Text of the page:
Governor Might Cut Grants
Ohio residents take note: next year you may be paying $900 more for your Oberlin education under a budget proposal introduced by Governor Ted Strickland last month. The proposal limits Ohio Student Choice Grants — approximately $900-per-year grants currently available to Ohio residents attending private colleges in-state — to students with financial need. The new limit is expected to yield nearly $36 million in savings, money that Strickland says he will use to increase funding for other need-based financial aid programs.
The Student Choice Grant program was originally created as an incentive to keep prospective private college students from leaving the state. The total amount disbursed to each student eligible for the grant fluctuates slightly each year, as demand changes. Last year, the grant provided around $900 in aid to students. Nine percent of Oberlin students are from Ohio.
According to the Cleveland Plain Dealer, Strickland’s proposal will require that a student’s family make less than $75,000 annually before he or she is eligible for the grant. This will reduce the program’s expenditures by over 60 percent, according to a Strickland administration estimate. If passed, this cut is expected to take effect in the academic year beginning fall 2008. It is still unclear how the savings will be appropriated.
Director of Financial Aid Rob Reddy said that the Governor’s proposal will have the most impact on Oberlin students not receiving need-based financial aid: “[Oberlin’s] commitment to meeting need means we...just as an institution...are going to shoulder the burden of the decline of some level of funding.
“Where I’m concerned, though, is even at $900-$1,000, to an individual family who is not even particularly needy, that’s still a nice bit of money,” Reddy continued. “That still provides some relief so that the family can do other things.”
In addition, Reddy emphasized his concern that the reduction of the Student Choice Grant may have a negative impact on Ohio’s ability to retain and reward people seeking higher education. “I think [the Student Choice Grant] is an important component to recognizing that a student stayed in Ohio, the student, in our case, went to a very high-caliber institution, and hopefully it provides some benefit to those taxpayers and it provides some incentive to retaining, again in our case, very intelligent, potentially productive people in the state of Ohio.”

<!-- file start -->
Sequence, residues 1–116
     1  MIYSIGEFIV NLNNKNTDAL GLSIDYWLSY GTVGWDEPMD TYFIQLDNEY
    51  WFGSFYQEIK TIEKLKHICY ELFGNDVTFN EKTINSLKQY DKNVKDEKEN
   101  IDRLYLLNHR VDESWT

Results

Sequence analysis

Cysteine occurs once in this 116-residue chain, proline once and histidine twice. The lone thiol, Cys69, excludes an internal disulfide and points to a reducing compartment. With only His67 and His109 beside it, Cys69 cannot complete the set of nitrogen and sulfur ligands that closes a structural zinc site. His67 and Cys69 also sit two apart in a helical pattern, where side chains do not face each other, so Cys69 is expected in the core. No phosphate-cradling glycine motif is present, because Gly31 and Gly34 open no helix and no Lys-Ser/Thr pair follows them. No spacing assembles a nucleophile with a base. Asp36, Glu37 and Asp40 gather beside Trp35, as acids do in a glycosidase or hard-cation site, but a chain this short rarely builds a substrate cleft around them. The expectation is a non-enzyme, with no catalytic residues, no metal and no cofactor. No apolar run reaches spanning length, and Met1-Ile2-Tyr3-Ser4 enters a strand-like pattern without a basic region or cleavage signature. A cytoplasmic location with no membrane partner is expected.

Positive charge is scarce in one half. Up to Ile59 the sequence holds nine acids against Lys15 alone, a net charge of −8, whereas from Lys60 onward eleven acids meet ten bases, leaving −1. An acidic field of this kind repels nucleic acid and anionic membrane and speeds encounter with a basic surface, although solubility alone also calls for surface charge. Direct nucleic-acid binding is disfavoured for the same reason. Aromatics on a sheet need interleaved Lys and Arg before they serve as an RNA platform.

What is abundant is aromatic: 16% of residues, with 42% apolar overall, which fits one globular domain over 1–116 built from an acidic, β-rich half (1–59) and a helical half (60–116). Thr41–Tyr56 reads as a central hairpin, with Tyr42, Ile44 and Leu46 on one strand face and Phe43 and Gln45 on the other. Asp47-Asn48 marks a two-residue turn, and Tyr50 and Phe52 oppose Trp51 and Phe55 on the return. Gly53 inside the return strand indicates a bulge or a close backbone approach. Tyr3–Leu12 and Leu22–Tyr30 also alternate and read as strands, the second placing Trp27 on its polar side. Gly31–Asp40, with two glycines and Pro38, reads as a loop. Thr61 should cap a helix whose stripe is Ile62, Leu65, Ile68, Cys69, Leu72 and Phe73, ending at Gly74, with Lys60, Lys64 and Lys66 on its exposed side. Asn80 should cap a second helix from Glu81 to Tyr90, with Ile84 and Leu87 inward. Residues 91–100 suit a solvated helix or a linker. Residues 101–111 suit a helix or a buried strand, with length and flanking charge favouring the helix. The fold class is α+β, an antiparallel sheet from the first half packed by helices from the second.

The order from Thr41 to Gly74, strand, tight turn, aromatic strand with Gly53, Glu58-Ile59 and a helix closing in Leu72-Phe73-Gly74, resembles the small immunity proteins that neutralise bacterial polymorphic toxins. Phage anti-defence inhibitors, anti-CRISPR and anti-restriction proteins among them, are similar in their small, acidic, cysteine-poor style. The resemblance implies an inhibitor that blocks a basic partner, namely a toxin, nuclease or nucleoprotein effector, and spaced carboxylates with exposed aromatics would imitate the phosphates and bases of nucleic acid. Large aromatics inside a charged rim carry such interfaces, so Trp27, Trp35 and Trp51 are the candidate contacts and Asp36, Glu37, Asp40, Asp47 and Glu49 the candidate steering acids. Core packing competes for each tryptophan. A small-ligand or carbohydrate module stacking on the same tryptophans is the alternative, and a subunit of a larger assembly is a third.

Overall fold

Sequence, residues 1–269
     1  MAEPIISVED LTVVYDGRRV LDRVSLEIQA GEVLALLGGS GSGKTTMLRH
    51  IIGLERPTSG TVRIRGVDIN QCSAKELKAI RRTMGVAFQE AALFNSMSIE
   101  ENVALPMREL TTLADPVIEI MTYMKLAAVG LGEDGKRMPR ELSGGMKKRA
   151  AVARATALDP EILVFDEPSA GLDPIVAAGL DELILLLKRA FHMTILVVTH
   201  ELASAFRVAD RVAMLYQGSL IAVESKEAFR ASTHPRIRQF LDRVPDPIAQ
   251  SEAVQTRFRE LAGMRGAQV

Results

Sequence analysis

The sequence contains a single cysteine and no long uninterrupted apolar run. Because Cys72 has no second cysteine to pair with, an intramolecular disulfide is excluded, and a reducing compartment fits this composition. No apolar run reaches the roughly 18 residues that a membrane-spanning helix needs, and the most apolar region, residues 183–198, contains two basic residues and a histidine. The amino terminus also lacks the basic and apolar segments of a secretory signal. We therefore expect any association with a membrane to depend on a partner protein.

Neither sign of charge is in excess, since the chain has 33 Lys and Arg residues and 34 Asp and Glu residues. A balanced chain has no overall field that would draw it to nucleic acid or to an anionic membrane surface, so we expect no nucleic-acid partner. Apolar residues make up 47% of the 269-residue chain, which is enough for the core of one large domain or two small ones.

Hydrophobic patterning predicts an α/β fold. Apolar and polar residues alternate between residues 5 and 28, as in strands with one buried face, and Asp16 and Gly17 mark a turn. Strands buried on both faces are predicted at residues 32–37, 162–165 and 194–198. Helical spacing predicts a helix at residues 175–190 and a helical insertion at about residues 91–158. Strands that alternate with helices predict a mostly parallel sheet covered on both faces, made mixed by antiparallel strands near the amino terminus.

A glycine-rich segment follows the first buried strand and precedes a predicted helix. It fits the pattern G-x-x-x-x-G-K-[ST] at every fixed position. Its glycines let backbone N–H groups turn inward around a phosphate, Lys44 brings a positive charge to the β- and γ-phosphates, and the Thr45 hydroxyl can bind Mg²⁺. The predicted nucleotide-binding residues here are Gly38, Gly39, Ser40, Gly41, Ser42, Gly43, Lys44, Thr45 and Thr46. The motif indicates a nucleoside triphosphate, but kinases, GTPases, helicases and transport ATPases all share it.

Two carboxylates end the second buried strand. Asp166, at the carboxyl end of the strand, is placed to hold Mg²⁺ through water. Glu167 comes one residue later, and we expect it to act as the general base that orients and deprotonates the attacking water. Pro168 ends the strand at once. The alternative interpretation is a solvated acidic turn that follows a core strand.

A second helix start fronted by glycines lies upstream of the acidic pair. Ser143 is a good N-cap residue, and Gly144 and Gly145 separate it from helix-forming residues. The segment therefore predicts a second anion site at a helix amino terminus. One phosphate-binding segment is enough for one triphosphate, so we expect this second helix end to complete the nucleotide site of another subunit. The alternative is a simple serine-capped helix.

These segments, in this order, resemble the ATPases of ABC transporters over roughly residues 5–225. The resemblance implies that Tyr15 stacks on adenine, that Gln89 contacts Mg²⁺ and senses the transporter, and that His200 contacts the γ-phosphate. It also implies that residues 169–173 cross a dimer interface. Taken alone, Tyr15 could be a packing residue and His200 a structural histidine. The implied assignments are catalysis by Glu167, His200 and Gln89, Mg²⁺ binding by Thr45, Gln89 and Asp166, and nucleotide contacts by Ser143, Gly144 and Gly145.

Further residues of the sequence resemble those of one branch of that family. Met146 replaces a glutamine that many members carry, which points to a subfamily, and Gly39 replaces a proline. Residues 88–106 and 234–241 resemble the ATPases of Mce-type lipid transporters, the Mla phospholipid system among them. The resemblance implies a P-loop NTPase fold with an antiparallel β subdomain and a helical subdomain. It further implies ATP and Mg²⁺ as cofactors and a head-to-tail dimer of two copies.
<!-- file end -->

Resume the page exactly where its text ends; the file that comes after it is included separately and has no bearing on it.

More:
Reddy, as well as Oberlin students currently eligible for a Student Choice Grant, said that there may be less reason for prospective Ohio students to choose Oberlin over out-of-state colleges, if the grant is limited strictly to needy students. This is key in a state where concerns have been raised about the loss of many in the 18-35 year-old demographic to other states.
College sopohomore Rebecca Calvo, who currently receives a Student Choice Grant, told the Review in an e-mail that, “The grant provided me and my family a lot of incentive to concentrate my college search on schools in Ohio...kids in high schools now who are like me when I was searching for a college will look out of state first if they want to attend a private college.”
Calvo added that, “If they choose to go to school out of state, they are a lot less likely to come back to Ohio.”
It is too early to tell whether Strickland’s proposal will be implemented, as the budget is not usually signed into law until late spring. For his part, Reddy was unsure about the amount of opposition that the proposal will meet, commenting, “The aid community is not real happy about this, but also we don’t know a whole lot [about the effects of Strickland’s proposal].”
Reddy added later, “The governor, though, is very committed to getting more Ohioans into higher education – that’s a very clear message I hear from him.”